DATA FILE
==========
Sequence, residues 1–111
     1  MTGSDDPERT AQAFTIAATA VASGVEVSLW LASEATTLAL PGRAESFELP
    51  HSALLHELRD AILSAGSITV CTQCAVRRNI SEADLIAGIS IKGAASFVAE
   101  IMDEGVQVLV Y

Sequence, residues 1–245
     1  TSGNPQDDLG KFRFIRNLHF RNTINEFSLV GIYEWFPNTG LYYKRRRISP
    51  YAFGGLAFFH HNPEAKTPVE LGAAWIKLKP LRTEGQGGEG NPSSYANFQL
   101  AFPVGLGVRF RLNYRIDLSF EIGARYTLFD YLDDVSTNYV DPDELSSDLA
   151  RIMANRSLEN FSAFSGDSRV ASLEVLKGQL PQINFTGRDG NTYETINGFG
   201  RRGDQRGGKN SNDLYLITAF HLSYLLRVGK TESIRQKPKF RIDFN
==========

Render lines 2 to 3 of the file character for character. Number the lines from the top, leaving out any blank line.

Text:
     1  MTGSDDPERT AQAFTIAATA VASGVEVSLW LASEATTLAL PGRAESFELP
    51  HSALLHELRD AILSAGSITV CTQCAVRRNI SEADLIAGIS IKGAASFVAE